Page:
Last year, while browsing at one of those sadly disappearing Upper West Side bookstores, I ran into Norman Finkelstein, a member of the sadly disappearing tribe of left-wing gadflies. Finkelstein said he was working on a book about Harvard Professor Daniel Jonah Goldhagen's Hitler's Willing Executioners: Ordinary Germans and the Holocaust. Goldhagen, he declared, was a fraud crying out to be unmasked.
This wasn't surprising. Goldhagen made a lot of people angry with that book. (Click here for a quick refresher on why.) Finkelstein, a political scientist, bills himself a "forensic" scholar. He's fashioned a career out of demystifying what he deems pseudoscholarly arguments. It also made a kind of poetic sense that Finkelstein would become obsessed with Goldhagen. Like him, Finkelstein is the son of Holocaust survivors and a strident commentator on Jewish affairs. He just comes at them from the opposing side.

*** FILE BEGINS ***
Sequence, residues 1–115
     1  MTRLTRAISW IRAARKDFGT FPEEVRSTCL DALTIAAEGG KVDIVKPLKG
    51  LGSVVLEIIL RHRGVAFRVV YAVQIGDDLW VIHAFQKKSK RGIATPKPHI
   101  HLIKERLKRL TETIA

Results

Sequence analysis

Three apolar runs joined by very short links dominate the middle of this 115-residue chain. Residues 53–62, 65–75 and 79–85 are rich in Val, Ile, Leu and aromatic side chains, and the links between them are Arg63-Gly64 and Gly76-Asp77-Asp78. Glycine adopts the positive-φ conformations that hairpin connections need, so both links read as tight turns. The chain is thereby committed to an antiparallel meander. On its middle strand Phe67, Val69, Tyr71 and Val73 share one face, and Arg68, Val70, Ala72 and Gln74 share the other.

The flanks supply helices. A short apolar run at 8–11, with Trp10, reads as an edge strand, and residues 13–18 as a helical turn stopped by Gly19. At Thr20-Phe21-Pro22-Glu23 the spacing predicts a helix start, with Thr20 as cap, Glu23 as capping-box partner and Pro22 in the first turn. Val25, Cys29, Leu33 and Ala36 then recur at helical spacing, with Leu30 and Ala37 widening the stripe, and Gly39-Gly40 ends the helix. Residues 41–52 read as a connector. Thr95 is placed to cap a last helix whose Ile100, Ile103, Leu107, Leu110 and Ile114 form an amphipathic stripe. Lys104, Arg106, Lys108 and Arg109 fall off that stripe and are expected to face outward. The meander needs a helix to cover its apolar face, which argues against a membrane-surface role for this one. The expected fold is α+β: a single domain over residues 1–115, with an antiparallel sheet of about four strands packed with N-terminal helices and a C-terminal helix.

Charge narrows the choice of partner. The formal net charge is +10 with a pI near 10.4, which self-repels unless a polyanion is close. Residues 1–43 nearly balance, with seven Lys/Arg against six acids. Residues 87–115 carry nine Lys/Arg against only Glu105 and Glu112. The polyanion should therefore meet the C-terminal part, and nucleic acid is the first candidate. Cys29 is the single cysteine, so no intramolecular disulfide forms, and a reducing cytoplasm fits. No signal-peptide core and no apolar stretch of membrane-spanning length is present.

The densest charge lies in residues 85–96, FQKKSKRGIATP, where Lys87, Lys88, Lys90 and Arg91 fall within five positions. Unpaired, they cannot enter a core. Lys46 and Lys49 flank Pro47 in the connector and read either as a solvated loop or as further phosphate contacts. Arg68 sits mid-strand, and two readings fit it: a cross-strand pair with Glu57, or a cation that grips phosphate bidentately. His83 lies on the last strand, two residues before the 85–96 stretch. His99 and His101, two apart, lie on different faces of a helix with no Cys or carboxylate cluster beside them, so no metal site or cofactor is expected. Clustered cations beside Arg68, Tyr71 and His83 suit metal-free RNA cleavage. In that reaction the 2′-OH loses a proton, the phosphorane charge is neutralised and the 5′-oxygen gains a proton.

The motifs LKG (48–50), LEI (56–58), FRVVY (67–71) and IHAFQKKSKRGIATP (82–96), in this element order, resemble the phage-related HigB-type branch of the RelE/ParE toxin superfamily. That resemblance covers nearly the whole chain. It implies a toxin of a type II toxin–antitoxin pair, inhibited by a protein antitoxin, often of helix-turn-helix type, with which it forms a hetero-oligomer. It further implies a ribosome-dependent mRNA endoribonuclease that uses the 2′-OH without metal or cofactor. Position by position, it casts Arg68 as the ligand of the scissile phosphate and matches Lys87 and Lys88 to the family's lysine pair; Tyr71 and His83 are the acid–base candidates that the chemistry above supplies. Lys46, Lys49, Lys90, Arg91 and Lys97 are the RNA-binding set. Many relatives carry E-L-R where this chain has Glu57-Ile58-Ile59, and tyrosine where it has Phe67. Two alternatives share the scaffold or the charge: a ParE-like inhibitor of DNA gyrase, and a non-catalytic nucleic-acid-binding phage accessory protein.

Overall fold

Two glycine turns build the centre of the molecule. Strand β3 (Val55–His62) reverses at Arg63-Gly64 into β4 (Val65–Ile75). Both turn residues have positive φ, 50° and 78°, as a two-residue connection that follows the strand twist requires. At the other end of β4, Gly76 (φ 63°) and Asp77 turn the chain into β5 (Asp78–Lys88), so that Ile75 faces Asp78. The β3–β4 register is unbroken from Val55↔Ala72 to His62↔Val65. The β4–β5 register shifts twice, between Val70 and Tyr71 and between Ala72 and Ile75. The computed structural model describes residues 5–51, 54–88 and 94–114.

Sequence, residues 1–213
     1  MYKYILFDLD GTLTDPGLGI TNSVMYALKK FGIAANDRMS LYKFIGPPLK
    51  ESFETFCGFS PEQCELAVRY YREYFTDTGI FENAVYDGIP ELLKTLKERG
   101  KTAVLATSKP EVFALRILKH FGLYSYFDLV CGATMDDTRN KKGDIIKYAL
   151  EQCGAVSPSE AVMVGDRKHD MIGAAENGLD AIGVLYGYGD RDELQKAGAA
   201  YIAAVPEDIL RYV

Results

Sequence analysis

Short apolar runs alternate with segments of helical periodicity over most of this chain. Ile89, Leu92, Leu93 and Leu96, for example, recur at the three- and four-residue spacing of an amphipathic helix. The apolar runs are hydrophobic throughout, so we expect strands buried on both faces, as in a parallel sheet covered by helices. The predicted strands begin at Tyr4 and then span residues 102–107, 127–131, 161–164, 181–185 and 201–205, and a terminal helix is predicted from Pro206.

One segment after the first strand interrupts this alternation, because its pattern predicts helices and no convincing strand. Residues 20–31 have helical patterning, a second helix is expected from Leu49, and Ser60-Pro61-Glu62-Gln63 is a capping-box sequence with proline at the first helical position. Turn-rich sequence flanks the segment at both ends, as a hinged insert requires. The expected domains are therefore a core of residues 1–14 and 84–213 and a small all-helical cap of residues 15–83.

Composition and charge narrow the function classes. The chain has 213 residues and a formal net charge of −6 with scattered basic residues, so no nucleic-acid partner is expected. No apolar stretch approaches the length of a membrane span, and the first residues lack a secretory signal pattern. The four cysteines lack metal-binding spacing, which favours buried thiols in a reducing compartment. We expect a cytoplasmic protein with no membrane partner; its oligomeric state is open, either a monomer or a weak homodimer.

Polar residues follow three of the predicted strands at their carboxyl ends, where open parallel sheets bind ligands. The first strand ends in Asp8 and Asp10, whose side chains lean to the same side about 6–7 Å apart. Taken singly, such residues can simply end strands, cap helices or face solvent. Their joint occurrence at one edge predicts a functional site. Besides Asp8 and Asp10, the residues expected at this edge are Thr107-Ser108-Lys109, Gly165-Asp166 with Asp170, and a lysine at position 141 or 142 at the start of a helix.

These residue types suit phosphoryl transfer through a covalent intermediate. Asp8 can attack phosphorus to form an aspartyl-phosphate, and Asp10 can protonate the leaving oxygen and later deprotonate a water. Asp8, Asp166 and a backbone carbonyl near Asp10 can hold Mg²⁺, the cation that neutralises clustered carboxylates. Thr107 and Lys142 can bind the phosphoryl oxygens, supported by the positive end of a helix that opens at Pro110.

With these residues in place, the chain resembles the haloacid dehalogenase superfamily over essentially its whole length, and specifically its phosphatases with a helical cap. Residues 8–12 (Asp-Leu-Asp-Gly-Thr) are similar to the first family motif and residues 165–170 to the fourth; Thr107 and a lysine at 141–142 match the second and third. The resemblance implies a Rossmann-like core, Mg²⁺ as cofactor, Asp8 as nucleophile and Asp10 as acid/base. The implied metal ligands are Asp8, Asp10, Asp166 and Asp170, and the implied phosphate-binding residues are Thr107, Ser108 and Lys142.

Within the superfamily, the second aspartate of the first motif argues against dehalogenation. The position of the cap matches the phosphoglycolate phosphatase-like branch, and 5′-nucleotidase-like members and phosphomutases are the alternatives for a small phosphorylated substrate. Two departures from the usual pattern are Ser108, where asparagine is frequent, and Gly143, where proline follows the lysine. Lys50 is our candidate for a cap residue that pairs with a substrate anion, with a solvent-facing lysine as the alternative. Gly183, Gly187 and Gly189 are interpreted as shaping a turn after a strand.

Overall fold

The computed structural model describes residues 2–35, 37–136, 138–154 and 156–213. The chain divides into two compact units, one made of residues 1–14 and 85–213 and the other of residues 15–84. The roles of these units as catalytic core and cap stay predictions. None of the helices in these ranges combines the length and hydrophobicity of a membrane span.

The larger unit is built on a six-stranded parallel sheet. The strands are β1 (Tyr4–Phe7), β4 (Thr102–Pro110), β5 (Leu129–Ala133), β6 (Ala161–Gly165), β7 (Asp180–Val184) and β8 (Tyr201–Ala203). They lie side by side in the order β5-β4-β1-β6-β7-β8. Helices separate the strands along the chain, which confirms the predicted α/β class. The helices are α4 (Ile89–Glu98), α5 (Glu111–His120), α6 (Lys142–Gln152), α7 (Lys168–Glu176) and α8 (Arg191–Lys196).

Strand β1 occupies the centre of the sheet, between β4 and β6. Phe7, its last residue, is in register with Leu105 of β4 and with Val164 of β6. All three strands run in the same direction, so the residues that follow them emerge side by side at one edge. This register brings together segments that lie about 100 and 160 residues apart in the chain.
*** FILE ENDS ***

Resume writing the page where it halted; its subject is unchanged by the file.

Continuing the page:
Finkelstein's reputation rests on his refutation of Joan Peters' 1984 From Time Immemorial, a book purporting to prove Palestinian Arabs had no claims on the land that is now Israel, having been drawn to it only by reports that Jews were making the desert bloom. Peters' book was lavishly praised by American Jewish organizations, novelists, and scholars. But when Finkelstein showed that Peters had manipulated Ottoman demographic records to make her case, the book's supporters attacked him as an anti-Zionist. By 1986, though, Zionist scholars having published articles that bolstered Finkelstein's case, his version was the conventional wisdom.
Finkelstein told me Goldhagen was just another Peters. That struck me as dubious. After all, Goldhagen's book wasn't a hoax. It was a troubling interpretation. But Finkelstein insisted that, whatever the reviewers said, the book had been a megapublishing event, and for one simple reason: It was useful to Zionist Jews who believe that all non-Jews are potential Jew killers and that Jews, therefore, are justified in using whatever means are necessary to defend themselves.